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Food Safety News
November 17th, 2009

How to Choose a Filter

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Filtering water at home is cheaper and safer than depending on bottled water. Indeed, as much as 40 percent of bottled water is purified tap water.2 Choosing a water filter can seem like a daunting process, but it does not have to be.

Download or read our Water Filtration Guide online for help in choosing the best filter for your home.

The first step is to find out what is in your water.

For this, contact your local utility and request a copy of the Annual Water Quality Report, also called the Consumer Confidence Report. Every utility is required by law to provide this and usually includes it with a monthly bill. This report will give you information about any contaminant violations in your water system and to help you figure out what type of filtration system is best for your home. EPA posts many of these results on its website.

A quick calculation comparing the average cost of one gallon of tap water, one gallon of tap water filtered with a home filter pitcher, and one gallon of commercial bottled water comes out to:

  • Tap water: $0.002 per gallon 2, 5
  • Average home pitcher filter: $0.10 to $0.20 per gallon 5
  • Bottled water: Ranges from $0.89 to $8.26 per gallon 5, 6

In addition to, or instead of, obtaining the water quality report, you can call your local health department and ask if they can test your water or provide a list of certified laboratories that can.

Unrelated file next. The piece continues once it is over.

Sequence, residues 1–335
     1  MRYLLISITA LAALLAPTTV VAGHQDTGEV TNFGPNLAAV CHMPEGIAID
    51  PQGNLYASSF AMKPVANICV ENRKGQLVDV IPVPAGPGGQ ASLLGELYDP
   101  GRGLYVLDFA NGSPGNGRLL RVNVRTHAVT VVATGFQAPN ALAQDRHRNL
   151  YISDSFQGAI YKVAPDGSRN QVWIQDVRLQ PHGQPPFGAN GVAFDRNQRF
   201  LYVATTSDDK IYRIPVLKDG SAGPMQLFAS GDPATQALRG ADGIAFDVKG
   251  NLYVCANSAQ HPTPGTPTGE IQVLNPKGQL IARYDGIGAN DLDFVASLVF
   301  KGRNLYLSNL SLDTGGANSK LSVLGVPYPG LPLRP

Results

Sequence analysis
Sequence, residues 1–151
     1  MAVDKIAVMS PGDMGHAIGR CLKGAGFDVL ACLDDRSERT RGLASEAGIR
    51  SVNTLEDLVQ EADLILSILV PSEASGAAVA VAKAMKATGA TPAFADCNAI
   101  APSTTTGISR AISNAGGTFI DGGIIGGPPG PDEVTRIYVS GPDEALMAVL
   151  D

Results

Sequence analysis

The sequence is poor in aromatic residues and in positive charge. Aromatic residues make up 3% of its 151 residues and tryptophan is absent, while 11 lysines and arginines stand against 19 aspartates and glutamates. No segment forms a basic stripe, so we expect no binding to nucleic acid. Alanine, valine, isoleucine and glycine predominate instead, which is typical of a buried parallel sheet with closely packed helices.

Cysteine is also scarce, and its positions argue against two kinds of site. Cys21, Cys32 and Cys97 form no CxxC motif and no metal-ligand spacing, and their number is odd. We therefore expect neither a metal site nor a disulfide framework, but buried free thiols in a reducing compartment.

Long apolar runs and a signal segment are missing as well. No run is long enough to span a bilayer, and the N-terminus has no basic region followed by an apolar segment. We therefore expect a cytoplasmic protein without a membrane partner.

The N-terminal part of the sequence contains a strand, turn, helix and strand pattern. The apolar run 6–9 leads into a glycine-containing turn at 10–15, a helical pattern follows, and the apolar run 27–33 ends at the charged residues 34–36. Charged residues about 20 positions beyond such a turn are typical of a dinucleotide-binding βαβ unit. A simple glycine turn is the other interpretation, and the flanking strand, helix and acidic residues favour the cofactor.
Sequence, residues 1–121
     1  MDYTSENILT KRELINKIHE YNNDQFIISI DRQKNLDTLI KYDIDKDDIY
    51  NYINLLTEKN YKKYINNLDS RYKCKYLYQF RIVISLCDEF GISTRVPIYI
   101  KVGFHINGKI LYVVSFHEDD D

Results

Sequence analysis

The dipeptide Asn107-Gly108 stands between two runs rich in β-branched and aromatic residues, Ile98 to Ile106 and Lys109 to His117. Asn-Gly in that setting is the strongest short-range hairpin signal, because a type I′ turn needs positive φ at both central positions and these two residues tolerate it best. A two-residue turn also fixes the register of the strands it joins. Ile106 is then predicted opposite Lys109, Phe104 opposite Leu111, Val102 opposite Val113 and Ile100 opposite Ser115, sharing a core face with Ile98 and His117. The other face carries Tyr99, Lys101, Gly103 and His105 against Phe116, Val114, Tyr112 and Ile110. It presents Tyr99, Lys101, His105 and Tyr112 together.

So once you know whether your water has contaminants, the next step is to find the proper filtration product to remove or reduce them.

Do you want to filter all of the water in the house or just your drinking water? Some people do elect to filter all their water, and so choose a point-of-entry filter, or POE, which typically is installed on your water service pipe just after the meter. However, the majority of consumers select a point-of-use filter, or POU, to treat just their drinking water. Often times these units rest on or under the countertop, and the consumer presses a lever or knob to divert water through the unit for purification. However, many such filtration units come in the form of a pitcher that consumers fill with water and then refrigerate.36, 37

Assuming that you have elected to filter just your drinking water, the next key step is to decide what kind of filtration technology you need in that counter top unit or pitcher. Before buying, though, make sure your product choice is independently certified for design, material safety, and effectiveness for the contaminants you want removed. The most notable and well-regarded organizations (all non-profit) that test and verify water treatment and filtration products are:

Adsorption filters are the most common. They usually employ activated carbon or granular activated charcoal to remove or reduce chlorine, particulate matter, and organic contaminants such as pesticides. The technology works by attracting and holding certain chemicals as they pass through the carbon block. Prolonged use clogs the filter and renders it less effective, so it must be changed according to the manufacturer‚ instructions for best results; failing to change a filter can even reduce the water quality because of microbial growth and/or breaks in the filter. Some also remove disinfection byproducts.36, 37